Advantages of Letter of Credit. To the exporter the advantages are:
1. The first advantage is from the financial point of view. The exporter can easily discount the bills under a letter of credit with his bank. As such bills carry an undertaking to pay by a bank, bills drawn under letter of credit are readily discounted by banks. Thus the exporter gets payment immediately on shipping the goods. Further, rates quoted for bills under the letter of credit are more favorable than for other bills.
2. The exporter is safeguarded against the failure of the importer to pay. On presentation of documents as required the importer’s bank has to make payment whether or not the importer pays.
3. The exporter is absolved of the botheration of knowing in detail the exchange control regulations of the importer’s country and is also insured to some extent against changes in such regulations. The bank which issues the credit would take care to see that the goods covered by the letter of credit would be allowed to be imported and that payment for the imports would be permitted under exchange control regulations. Even in case there is a subsequent change in Government poli-cies, the Government would think twice before restraining the bank from executing its commitment under the letter of credit.
4. On the strength of the letter of credit the exporter may raise loans from his bank for procurement and processing of raw materials and their export (pre-shipment finance).
To the importer the advantages are:
1. The letter of credit enables him to purchase materials (especially in seller’s market) without making full advance payment. Further, on the strength of the superior credit of the bank he is able to finalize contracts which the seller may not agree had he to rely on the importer.
2. If he takes certain safeguards, like calling for packing certificates, etc., the quality and quantity of the goods consigned is assured.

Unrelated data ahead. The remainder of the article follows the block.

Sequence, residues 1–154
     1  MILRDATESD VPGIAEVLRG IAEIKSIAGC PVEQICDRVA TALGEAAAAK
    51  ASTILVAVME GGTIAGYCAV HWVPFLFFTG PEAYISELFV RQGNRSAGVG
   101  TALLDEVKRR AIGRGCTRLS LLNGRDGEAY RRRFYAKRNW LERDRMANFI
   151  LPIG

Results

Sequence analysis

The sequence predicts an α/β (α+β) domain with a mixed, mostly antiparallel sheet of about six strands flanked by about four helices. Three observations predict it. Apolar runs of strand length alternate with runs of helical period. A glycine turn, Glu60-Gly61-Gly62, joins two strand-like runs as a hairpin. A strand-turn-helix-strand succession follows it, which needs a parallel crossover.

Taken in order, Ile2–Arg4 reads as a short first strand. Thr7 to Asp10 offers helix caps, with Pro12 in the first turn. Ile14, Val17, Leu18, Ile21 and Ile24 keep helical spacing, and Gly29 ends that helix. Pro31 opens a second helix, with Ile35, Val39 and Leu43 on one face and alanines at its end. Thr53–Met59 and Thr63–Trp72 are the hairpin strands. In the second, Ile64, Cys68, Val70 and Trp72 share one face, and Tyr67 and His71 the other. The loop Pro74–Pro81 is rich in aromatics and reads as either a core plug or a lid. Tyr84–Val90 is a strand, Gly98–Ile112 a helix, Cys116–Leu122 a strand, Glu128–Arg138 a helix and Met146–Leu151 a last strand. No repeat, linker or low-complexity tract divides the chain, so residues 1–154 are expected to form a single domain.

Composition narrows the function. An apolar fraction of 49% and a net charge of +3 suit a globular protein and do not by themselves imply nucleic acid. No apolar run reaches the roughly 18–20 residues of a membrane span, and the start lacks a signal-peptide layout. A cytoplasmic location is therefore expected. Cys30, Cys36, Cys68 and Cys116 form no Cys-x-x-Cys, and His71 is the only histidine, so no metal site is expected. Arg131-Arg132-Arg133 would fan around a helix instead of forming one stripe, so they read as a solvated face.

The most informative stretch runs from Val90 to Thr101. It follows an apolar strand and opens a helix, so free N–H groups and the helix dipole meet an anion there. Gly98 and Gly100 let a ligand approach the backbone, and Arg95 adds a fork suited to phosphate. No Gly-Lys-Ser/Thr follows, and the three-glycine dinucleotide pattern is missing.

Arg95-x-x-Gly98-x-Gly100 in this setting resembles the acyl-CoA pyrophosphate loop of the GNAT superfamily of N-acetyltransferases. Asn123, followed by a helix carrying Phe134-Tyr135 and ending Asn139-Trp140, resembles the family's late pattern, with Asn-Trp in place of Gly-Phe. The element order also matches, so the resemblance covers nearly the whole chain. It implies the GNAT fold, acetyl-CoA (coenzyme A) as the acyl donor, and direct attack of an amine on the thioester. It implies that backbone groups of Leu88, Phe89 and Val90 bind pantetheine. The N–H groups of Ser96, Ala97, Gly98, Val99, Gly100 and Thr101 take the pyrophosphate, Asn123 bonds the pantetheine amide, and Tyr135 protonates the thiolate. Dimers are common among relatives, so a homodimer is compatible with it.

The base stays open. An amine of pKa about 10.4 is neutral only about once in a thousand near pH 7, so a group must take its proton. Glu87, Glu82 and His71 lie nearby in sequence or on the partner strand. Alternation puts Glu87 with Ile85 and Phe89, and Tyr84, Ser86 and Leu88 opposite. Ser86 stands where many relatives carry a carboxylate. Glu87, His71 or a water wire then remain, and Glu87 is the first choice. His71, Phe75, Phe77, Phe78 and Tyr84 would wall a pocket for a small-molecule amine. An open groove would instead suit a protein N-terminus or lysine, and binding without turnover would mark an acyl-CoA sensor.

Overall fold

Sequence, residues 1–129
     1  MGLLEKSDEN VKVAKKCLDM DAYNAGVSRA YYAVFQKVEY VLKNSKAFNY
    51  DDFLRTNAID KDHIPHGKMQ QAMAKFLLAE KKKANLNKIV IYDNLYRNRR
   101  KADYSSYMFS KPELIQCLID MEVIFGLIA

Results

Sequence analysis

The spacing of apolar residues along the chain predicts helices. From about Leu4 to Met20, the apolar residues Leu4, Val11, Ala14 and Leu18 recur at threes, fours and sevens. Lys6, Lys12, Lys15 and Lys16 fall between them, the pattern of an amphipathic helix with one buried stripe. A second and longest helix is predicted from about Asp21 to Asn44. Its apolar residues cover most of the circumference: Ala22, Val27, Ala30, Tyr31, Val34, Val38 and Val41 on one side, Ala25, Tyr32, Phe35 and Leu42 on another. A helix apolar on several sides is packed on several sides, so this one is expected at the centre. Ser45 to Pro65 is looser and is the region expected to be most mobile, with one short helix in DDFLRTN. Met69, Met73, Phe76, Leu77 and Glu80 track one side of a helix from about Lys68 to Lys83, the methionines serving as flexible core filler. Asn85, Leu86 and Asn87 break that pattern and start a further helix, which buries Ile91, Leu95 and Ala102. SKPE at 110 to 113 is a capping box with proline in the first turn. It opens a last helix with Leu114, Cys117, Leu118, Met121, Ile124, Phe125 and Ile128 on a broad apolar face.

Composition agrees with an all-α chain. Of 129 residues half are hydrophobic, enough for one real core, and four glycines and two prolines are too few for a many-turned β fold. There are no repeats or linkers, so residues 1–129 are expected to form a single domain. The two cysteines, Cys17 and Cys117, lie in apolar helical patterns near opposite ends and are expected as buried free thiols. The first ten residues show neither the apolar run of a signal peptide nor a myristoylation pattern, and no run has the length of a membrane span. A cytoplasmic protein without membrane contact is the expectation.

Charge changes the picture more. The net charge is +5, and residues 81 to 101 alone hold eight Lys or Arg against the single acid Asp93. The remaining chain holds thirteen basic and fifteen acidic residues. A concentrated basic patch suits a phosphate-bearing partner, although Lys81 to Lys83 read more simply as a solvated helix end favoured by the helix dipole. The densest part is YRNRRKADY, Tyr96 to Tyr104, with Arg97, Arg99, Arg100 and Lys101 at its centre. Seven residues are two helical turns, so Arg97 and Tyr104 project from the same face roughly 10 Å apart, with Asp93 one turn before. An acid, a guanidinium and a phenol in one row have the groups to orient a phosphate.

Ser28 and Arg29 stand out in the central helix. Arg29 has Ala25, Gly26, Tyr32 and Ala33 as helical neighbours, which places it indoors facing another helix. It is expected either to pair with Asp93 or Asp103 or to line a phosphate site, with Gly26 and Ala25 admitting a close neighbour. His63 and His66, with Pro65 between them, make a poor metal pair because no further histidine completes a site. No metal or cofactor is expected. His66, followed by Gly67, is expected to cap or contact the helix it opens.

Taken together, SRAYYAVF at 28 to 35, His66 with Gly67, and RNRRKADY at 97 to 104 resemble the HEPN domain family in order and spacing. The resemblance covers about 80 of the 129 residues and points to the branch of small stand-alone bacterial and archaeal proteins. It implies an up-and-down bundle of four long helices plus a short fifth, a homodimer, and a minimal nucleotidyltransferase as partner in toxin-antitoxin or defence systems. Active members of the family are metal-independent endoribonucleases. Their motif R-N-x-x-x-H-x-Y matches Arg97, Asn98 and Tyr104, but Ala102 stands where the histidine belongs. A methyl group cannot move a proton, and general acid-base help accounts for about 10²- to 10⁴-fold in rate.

3. Provided the buyer has a high credit with his bank, he may get goods released by the bank under trust (without payment) and pay for them on sale.
The objective of a documentary credit is to provide a guarantee of payment to the seller. It is not and cannot be a guarantee to the buyer that he will receive the goods he has ordered.
Disadvantages of Letter of Credit
A letter of credit is not a cent per cent safe deal either for the exporter or for the importer. To the exporter, the undertaking of the issuing bank is only conditional. The documents tendered should strictly comply with the requirements of the credit. It is only the bank that would decide if the documents are as per the terms of the credit; any slight variation or non-fulfillment or excess detail in the documents tendered gives scope for the bank to claim that the documents are not as per the terms of the credit. Moreover, the credited does not protect the exporter from the governmental action that may deter payment .
To the importer, the major disadvantage is that it does not ensure that he would be receiving the goods of the specific condition and order. In letter of credit transactions , all parties deal with documents and not in goods. He stands committed to reimburse the issuing bank when documents as required are tendered to him. But this does not ensure the receipt of proper goods. Though the risk is safeguarded against by calling for specialized documents like packing list, etc., the risk of falsification of documents still remains.
But it should be understood that the limitations do not in any way undermine the advantages that result from using letter of credit in the international dealings. They only point out the areas where the parties cannot find protection by using letter of credit; nor do they get the desired protection by any other method.